Nancy Grace Horton: Ms. Behavior and Mad Women
Nancy Grace Horton is having a good year. She recently received Honorable Mention in the Griffin Museum’s 19th Juried Exhibition juried by Kathy Ryan, photo editor of the New York Times Magazine. Nancy also was awarded the Artist Entrepeneurial Grant for 2013 by the New Hamshire State Council on the Arts, and was recently featured in the exhibition, Portraits in Contemporary Photography at the Drift Gallery at The Wentworth-Coolidge Center for the Art. There is a reason for this success–Nancy brings intimacy, humor, self awareness, and a delicious color palette to her projects
Nancy holds an MFA in Visual Arts from the Art Institute of Boston at Lesley University and has been working as a freelance photographer and educator for over 20 years. She is the recipient of numerous grants and awards, most recently an Artists Entrepreneurial Grant from the New Hampshire State Council on the Arts, where she is also an Arts in Education Rostered Artist. Her work has been exhibited at The Danforth Museum, Worcester Art Museum and the Marshall Store Gallery.
Recently her photographs were featured at the New York Photo Fest, the Griffin Museum of Photography’s 18th and 19th Juried Exhibitions, and a two-person show at the Photographic Resource Center in Boston. As the artist featured for the Portsmouth, New Hampshire Library Artist Curated Book Display, she exhibited, a hand made book entitled “Mad Women”, part of her newest series of work.She lives between Maine and New Hampshire and takes yearly visits to rural Mexico where she creates photo-based cultural exchange projects for kids. She is known locally for her popular photo book “Portsmouth”.
My photographs are investigations of female gender roles as influenced by American culture and mass media. This body of work is a 21st century extension of feminist concerns regarding the media’s portrayal of women. More specifically, I am interested in the explicit and implicit power relations that are constructed and maintained by mediatized systems of representation.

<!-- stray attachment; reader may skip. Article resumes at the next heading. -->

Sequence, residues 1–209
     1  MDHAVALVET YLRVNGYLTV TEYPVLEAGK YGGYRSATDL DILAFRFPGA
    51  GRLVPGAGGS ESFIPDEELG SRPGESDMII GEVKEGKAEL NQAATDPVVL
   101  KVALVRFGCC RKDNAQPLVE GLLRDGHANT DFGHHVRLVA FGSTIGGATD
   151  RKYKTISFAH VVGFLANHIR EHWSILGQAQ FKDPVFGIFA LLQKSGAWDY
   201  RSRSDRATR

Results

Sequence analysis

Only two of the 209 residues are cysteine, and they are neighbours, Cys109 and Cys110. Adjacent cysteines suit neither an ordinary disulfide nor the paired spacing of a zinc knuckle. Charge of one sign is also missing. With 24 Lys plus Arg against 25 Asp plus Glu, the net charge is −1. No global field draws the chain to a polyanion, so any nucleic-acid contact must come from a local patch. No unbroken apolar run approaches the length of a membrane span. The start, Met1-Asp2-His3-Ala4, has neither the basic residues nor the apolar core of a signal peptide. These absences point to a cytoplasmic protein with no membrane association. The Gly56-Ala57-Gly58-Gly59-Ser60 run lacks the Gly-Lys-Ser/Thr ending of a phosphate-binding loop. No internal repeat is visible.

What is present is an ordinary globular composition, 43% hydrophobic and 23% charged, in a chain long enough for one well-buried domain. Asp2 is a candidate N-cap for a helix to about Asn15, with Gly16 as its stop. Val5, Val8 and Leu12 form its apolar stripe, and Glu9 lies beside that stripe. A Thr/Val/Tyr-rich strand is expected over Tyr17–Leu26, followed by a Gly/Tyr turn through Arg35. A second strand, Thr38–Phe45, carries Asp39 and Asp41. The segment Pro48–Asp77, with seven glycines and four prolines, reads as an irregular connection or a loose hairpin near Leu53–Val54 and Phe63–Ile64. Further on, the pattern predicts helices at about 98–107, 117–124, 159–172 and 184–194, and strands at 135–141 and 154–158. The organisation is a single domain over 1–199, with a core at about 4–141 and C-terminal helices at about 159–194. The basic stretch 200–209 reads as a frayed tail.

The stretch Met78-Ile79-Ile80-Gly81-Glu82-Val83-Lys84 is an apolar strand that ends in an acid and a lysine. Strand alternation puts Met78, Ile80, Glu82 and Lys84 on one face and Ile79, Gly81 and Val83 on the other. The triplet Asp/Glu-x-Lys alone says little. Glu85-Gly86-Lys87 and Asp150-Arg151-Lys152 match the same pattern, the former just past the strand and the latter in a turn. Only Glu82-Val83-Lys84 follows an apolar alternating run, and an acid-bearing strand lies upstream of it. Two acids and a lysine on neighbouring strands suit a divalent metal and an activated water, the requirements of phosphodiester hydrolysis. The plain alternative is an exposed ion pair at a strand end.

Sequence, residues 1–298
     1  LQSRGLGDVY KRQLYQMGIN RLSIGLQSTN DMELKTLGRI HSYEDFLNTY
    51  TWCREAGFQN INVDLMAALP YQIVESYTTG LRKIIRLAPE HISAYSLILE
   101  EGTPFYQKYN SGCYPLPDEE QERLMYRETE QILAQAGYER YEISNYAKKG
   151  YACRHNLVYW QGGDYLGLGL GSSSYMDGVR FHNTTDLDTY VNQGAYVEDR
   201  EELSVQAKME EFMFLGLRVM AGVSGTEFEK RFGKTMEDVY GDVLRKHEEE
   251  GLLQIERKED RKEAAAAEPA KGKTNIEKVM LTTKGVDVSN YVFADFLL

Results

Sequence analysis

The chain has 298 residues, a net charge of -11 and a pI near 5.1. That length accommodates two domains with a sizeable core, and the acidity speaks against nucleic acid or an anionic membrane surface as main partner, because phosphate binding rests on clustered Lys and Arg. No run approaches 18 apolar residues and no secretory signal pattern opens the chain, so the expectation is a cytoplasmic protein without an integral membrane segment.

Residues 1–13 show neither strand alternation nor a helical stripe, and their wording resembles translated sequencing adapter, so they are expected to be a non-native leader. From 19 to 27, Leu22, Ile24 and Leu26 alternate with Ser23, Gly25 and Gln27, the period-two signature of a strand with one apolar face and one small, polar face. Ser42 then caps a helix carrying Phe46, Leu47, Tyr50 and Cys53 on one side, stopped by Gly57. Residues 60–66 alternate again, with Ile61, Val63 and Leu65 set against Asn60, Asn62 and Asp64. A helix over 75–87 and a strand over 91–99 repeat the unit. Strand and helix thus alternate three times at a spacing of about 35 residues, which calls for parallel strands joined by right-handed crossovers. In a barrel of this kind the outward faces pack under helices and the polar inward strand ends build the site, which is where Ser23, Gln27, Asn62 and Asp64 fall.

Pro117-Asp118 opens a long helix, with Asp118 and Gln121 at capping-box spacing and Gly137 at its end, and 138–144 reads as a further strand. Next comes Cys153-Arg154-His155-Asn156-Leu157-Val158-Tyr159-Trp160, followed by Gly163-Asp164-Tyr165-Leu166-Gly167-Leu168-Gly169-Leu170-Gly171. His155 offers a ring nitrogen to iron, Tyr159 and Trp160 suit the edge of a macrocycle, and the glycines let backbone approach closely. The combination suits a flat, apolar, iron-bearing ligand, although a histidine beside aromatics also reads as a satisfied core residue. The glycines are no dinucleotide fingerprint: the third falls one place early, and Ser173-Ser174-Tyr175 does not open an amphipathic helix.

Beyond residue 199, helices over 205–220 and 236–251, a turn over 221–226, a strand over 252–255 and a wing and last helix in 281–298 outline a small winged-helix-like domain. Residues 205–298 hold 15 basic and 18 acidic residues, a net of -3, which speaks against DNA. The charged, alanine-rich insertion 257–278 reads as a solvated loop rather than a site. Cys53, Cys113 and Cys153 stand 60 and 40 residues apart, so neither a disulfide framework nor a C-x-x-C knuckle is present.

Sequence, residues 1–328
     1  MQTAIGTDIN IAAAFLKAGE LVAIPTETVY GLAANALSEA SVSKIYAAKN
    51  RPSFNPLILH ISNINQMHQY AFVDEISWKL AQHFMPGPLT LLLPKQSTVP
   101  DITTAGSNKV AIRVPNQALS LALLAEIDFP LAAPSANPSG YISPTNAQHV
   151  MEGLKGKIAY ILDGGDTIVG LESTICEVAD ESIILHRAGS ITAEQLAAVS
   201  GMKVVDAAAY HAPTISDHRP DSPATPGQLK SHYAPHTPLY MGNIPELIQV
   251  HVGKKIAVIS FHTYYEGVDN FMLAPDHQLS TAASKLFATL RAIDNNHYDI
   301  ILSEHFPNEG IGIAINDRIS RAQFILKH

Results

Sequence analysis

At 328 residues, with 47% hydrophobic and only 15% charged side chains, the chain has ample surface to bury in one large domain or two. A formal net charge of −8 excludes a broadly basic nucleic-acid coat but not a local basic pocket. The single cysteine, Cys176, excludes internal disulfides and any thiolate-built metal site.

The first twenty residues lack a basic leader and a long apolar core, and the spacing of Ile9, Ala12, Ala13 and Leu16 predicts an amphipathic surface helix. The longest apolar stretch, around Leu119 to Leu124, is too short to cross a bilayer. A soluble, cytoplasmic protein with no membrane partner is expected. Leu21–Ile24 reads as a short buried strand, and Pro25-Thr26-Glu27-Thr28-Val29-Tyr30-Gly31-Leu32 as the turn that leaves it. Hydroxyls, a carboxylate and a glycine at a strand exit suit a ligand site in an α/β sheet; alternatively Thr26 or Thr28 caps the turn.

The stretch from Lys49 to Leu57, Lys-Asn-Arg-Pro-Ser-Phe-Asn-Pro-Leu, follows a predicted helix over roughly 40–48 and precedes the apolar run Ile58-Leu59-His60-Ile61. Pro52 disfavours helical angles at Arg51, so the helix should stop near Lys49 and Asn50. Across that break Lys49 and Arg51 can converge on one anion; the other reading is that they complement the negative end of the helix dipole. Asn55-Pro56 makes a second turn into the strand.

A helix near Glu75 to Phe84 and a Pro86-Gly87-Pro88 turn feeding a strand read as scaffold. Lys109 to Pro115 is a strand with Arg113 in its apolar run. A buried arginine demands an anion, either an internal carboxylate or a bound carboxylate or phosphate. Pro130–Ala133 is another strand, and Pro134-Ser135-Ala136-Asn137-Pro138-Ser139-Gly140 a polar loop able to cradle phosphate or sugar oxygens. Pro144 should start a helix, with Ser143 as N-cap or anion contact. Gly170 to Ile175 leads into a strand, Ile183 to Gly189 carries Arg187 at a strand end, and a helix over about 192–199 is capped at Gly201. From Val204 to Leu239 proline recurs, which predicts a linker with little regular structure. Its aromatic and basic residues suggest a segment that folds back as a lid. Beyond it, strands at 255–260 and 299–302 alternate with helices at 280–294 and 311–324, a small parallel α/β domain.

Using narrative fragments that confound the conventions of popular culture, I explore the norms of female behavior—and misbehavior. I am inspired by cinema, TV, magazines and personal experiences. My creative process is planned but unscripted. It is exploratory, but with firm goals and boundaries. Props, models (who are often friends), and locations act as catalysts for the development of strong, graphic compositions that suggest fragments of an untold story.
I intend my work to confront the viewer with their hidden preconceptions with regard to women’s constructed roles within society.
My project Mad Women is an open-ended visual narrative based loosely on the Betty Draper character from the “Mad Men” television series. This project is part of an on-going body of work in which I critique the way women are portrayed in the media. The HBO “Mad Men” series, for all it’s stylistic brilliance, perpetuates demeaning role models for women, and my work is both a visual and cultural response.
Though not an actual replica of the television character, my Betty is a response to the over-used portrayal of a women waiting for a man. My images are inspired by the visual richness of the “Mad Men” series, with its 1950s fashion sense and clean details.
After photographing, I began to sequence the images and various methods of expression unfolded, including bookmaking and video.